Figure 3.3 shows that an audio signal voltage is referred to midrange. The level of the signal is measured by how far the waveform deviates from midrange, and attenuation, gain and mixing all take place around that midrange. Audio mixing is achieved by adding sample values from two or more different sources, but unless all the quantizing intervals are of the same size, the sum of two sample values will not represent the sum of the two original analog voltages. Thus sample values which have been obtained by non-uniform quantizing cannot readily be processed.
If two offset binary sample streams are added together in an attempt to perform digital mixing, the result will be that the offsets are also added and this may lead to an overflow. Similarly, if an attempt is made to attenuate by, say, 6.02 dB by dividing all the sample values by two, Figure 3.4 shows that the offset is also divided and the waveform suffers a shifted baseline. The problem with offset binary is that it works with reference to one end of the range. What is needed is a numbering system which operates symmetrically with reference to the centre of the range.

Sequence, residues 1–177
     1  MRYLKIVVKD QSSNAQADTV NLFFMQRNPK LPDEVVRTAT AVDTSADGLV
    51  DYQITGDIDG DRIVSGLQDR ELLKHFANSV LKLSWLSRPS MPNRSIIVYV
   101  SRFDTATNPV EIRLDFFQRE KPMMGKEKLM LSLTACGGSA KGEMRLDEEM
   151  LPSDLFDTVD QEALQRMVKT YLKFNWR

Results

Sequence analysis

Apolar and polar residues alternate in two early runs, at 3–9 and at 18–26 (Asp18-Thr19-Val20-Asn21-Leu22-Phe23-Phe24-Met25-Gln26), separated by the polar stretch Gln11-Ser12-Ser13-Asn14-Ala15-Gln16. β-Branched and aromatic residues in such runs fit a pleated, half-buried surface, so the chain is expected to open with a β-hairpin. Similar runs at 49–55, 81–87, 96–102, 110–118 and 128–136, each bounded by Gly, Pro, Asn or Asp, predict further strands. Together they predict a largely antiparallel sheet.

In the two’s complement system, the upper half of the pure binary number range has been redefined to represent negative quantities. If a pure binary counter is constantly incremented and allowed to overflow, it will produce all the numbers in the range permitted by the number of available bits, and these are shown for a four-bit example drawn around the circle in Figure 3.5. As a circle has no real beginning, it is possible to consider it to start wherever it is convenient. In two’s complement, the quantizing range represented by the circle of numbers does not start at zero, but starts on the diametrically opposite side of the circle. Zero is midrange, and all numbers with the MSB (most significant bit) set are considered negative. The MSB is thus the equivalent of a sign bit where 1 = minus. Two’s complement notation differs from pure binary in that the most significant bit is inverted in order to achieve the half-circle rotation.
Figure 3.6 shows how a real ADC is configured to produce two’s complement output. At (a) an analog offset voltage equal to one half the quantizing range is added to the bipolar analog signal in order to make it unipolar as at (b). The ADC produces positive only numbers at (c) which are proportional to the input voltage. The MSB is then inverted at (d) so that the all-zeros code moves to the centre of the quantizing range. The analog offset is often incorporated into the ADC as is the MSB inversion. Some convertors are designed to be used in either pure binary or two’s complement mode. In this case the designer must arrange the appropriate DC conditions at the input. The MSB inversion may be selectable by an external logic level.